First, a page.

Baylee Sanderson is working toward her bachelor’s in social work on the Boise Campus; she expects to graduate in 2023.
Sanderson grew up around social work; her mother is a child welfare worker in Washington, so she had constant exposure to the field. That said, child welfare work wasn’t necessarily a no-brainer for her.
“When I heard about the stipend, I chatted with my mom and it made me realize that chilld welfare would be a good fit for me,” she said.
Within Title IV-E, she is working as a case manager intern in Child and Family Services, spending time with case plans under the guidance of a supervisor and observing and shadowing in court and with safety assessment specialists.
She has been surprised at the level to which she has been able to participate in meaningful work.
“I have really enjoyed how much I have been able to actually do,” she said. “I did not know how much I’d be able to be involved. I felt I’ve had more responsibility than I thought I would.”
Given her background and her more recent experience, she is clear-eyed about both the value and the limitations to the work.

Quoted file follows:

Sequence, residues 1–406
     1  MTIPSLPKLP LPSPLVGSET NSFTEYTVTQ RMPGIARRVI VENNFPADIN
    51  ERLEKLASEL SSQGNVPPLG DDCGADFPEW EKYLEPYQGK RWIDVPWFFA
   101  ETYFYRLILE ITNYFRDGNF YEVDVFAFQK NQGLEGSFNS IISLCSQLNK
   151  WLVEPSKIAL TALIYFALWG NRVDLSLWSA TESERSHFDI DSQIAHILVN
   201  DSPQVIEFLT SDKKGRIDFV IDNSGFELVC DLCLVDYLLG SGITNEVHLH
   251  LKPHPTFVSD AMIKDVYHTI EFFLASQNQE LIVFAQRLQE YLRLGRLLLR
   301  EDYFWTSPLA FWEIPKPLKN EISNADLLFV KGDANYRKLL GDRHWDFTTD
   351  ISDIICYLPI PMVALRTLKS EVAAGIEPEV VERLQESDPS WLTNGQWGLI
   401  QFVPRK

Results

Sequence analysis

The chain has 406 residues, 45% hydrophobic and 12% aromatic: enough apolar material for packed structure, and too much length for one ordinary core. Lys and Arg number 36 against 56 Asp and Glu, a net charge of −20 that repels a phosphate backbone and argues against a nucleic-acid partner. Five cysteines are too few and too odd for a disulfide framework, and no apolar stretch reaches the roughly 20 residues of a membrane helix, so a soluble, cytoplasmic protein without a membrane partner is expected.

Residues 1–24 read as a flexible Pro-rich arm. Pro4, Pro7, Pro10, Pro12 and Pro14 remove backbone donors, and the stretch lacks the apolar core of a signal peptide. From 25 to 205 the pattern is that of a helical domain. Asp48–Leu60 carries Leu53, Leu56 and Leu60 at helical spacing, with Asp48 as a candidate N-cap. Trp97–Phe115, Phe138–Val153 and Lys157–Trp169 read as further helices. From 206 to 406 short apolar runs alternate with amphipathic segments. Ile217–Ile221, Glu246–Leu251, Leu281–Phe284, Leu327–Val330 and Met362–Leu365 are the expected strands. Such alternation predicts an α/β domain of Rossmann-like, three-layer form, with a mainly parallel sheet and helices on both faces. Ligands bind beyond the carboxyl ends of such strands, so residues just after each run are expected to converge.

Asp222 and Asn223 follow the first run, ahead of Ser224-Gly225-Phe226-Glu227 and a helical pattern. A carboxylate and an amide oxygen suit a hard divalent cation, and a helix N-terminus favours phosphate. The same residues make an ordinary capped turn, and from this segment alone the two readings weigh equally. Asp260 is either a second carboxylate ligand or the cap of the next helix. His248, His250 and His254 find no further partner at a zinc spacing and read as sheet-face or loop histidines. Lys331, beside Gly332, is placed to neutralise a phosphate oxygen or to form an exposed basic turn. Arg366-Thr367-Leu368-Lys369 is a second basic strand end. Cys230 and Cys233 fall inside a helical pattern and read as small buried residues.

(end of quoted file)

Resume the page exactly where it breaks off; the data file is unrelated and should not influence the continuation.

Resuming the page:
“It is very challenging. I did expect it to be one of the more challenging careers,” she said, noting the skills that case managers call upon to communicate and calm often-agitated people in tense situations and that, while they can make suggestions, it’s up to the legal system often to resolve things.
“You can only do so much,” Sanderson notes.
She expects to build on her Title IV-E foundation by going on for a master’s degree; she’s glad she learned about the program and has taken part.
“This does teach skills for just about any area in social work that I would go into,” Sanderson said. “I think it has definitely been worth doing. I have learned so much in this time, and I’m not even halfway through my internship.
“It’s just been a very wonderful learning experience for me.”